There is a good chance you’ve never heard of Maha.
That is a shame, because it’s a really great indie rock music festival that takes place every summer in nearby Omaha. It combines national and local acts for a daylong celebration of music.
In 2010, it featured acts like Spoon, The Faint and the Old 97s. This year, Guided by Voices, Cursive, Reverend Horton Heat and J Mascis were among those on the bill.
It was a once again a wonderful event this year. Held on Aug. 13, the weather was perfect at Stinson Park in Aksarben Village.
I was most excited to see Guided By Voices, a band I found by accident in 1995 when they released the now classic “Alien Lanes.” That was back in the day when you would buy a CD unheard because the band had a cool name or the album art looked interesting. I think I not only liked the band name, but also the album name. I was also amazed that the album had 28 tracks.
I soon learned that GBV specialized in short, lo-fi rock songs with incredibly catchy melodies and images. Although not on “Alien Lanes,” I always have to chuckle when I hear the song “14 Cheerleader Cold Front,” for example.
The reunited band tore through countless classics from their mid-90s heyday at Maha. Despite being well into middle age, they did not hold back on the rock antics. High kicks, guitar posturing — it was all there. And it rocked.
Even the kids enjoyed the show:
I just hope he wasn’t paying much attention to the big jug of tequila(?) that lead singer Robert Pollard was carrying around on stage (between beers and cigarettes, of course) and taking swigs from. That’s rock ‘n’ roll. 🙂
Read my previous post on GBV (with several videos) here.
While I also really enjoyed Cursive, a favorite of mine for the last decade, I have to say the highlight of the day was seeing J Mascis perform solo. He simply sat behind a music stand with a guitar and played for 45 minutes or so. There was very little between-song banter, and no back-up instrumentation. It was just him. But it was amazing.
I had seen him perform a couple years ago in Omaha with Dinosaur Jr., but I was familiar with the incredible guitar work he can do and was hoping it would be put on display during his solo set. I was not disappointed.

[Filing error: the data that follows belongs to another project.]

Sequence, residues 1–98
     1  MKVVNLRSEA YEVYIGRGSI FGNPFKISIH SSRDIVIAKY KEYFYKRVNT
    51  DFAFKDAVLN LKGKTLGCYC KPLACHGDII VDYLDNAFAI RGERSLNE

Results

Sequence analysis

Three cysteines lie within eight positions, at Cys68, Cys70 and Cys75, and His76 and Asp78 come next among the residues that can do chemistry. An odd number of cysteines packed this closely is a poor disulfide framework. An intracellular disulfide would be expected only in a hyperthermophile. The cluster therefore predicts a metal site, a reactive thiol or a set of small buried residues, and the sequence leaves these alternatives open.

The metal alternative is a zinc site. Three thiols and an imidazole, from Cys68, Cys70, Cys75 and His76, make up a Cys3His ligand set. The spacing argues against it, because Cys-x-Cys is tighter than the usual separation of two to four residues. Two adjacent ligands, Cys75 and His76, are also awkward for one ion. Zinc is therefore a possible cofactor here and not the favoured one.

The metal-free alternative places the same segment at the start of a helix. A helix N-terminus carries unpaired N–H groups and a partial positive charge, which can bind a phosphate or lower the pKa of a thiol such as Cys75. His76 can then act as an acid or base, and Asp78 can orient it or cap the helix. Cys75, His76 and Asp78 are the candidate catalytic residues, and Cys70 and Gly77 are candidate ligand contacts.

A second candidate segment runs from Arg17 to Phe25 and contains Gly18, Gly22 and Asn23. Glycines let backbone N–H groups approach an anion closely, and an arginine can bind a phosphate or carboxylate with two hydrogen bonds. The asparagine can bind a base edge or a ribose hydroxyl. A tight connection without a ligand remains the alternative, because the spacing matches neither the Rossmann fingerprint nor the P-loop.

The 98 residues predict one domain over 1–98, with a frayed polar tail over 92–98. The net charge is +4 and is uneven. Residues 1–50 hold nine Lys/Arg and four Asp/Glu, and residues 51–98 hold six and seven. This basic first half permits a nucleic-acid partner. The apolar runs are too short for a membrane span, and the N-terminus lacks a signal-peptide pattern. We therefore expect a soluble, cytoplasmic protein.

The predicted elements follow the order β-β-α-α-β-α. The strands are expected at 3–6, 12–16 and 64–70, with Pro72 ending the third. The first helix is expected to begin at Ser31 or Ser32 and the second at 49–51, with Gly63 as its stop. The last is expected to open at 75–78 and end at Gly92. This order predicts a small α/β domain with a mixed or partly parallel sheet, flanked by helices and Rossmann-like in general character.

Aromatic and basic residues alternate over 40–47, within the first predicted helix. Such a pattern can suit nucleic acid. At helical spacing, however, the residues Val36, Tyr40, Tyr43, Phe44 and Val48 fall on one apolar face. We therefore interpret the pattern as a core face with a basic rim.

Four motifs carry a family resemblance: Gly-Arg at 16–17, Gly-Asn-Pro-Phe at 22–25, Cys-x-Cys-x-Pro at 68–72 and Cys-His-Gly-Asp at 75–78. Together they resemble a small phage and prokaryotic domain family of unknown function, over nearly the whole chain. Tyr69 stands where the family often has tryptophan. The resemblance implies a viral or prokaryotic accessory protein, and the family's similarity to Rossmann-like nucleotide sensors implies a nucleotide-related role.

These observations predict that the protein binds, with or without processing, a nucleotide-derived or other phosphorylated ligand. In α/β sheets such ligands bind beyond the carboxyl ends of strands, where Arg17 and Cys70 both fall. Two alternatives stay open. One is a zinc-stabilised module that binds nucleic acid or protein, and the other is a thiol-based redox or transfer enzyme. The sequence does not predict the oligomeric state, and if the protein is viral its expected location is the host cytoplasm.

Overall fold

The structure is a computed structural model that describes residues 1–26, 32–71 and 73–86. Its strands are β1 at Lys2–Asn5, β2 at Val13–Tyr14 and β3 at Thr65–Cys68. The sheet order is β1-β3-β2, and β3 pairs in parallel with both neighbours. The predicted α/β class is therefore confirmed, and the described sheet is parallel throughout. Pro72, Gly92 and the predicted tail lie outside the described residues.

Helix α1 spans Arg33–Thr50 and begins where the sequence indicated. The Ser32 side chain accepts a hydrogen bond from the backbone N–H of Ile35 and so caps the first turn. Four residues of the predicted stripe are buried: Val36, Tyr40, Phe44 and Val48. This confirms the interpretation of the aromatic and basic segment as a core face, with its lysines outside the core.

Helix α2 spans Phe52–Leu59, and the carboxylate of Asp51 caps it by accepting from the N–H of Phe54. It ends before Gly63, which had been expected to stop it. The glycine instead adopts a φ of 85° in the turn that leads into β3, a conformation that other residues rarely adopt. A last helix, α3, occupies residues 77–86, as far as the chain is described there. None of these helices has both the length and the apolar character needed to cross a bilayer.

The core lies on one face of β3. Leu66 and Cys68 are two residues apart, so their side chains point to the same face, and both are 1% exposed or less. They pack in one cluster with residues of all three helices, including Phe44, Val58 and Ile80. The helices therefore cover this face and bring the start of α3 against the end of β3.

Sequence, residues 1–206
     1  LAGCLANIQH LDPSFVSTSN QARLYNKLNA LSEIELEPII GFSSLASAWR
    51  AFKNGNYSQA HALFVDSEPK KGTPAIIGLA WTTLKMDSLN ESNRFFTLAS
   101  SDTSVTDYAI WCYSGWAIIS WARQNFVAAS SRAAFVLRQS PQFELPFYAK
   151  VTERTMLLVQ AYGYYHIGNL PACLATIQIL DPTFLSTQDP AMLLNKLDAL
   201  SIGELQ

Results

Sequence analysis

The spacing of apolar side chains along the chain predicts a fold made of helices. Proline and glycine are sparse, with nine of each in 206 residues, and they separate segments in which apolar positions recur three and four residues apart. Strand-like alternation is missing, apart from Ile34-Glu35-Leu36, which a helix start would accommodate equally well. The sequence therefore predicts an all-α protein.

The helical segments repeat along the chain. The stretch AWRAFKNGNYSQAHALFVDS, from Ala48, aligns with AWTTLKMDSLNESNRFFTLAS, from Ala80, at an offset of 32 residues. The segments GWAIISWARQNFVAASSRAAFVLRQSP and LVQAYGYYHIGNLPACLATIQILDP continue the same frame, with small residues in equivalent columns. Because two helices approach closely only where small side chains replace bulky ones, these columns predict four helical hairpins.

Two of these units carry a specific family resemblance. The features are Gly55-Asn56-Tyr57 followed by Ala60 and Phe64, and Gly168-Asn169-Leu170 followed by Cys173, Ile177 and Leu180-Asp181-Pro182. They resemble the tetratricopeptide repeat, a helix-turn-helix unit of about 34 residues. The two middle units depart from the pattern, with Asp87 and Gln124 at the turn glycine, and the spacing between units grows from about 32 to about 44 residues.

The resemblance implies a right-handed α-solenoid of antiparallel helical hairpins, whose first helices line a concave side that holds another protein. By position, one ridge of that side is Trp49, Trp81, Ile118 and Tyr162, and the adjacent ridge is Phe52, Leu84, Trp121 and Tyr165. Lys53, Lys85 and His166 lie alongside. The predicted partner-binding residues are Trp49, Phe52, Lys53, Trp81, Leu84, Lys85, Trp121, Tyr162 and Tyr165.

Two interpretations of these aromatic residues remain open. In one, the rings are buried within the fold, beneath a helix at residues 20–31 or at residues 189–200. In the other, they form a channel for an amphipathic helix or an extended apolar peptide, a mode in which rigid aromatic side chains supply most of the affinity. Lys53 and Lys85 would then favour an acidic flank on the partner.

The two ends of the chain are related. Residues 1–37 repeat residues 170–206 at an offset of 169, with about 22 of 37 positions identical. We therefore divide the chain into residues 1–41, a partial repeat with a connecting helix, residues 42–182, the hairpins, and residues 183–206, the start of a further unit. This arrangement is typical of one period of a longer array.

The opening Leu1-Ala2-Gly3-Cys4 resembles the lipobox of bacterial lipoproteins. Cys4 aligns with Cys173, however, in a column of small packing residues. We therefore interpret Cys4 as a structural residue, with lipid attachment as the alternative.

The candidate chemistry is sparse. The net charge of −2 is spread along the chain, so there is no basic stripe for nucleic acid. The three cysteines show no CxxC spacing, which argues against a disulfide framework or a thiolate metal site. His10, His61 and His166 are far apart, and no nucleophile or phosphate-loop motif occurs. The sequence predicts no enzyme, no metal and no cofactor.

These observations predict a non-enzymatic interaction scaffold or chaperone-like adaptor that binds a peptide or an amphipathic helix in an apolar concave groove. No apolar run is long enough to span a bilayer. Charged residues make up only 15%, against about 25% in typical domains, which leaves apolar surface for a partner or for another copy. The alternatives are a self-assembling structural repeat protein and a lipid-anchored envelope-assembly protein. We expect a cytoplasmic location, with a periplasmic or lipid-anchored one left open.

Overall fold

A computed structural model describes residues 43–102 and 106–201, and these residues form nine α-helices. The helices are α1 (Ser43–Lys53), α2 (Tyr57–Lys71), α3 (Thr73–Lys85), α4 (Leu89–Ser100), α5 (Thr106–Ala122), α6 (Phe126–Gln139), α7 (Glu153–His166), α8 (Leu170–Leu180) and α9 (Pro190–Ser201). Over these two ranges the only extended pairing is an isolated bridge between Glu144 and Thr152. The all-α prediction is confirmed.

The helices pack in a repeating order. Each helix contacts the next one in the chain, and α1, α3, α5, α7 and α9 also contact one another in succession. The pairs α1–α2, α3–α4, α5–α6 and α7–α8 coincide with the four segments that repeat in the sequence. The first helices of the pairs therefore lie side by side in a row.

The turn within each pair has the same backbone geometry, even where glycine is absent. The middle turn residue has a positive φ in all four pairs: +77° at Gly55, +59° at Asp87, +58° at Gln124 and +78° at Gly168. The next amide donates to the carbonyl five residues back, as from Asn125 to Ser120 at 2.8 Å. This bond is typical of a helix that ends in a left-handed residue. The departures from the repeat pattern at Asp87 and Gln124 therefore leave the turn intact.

Neither were the other critics in the audience.
L. Kent Wolgamott of the Lincoln Journal-Star had the following to say:
J Mascis was brilliant. Sitting on a chair with a music stand in front of him, Mascis played a plugged-in acoustic guitar and sang. But this was no me-and-my-guitar folkie act. He had the guitar cranked to up to the edge of feedback, providing plenty of beefy distortion as he ran through 50 minutes of songs, split about half and half between Dinosaur Jr. tunes and his solo material. His guitar work brought to mind Neil Young, which is a high compliment, his singing just raw enough and his closing was perfect, finishing a song with “That’s all” and getting up.
In addition to Guided By Voices, which flawlessly tore through a set of their finest (“14 Cheerleader Coldfront,” “I Am a Scientist” “Hot Freaks,” “The Official Ironmen Rally Song,” you know, the classics), the other main stage standout was — strangely, unexpectedly — J Mascis of Dinosaur Jr. Seated with an acoustic guitar on his lap, looking like a worried Mr. Natural in nerd glasses, long gray hair blowing in the afternoon breeze, Mascis leaned forward and played a blistering set that drew from his solo work and D. Jr. catalog, highlighting his intricate, ornate, gorgeous guitar work. His voice, a craggy, weary, heart-broken moan, sang of personal yearning while his guitar didn’t gently weep, but soared. Undeniably beautiful, but at the same time, desperate and utterly depressing. By mid-set, it was actually bringing me down.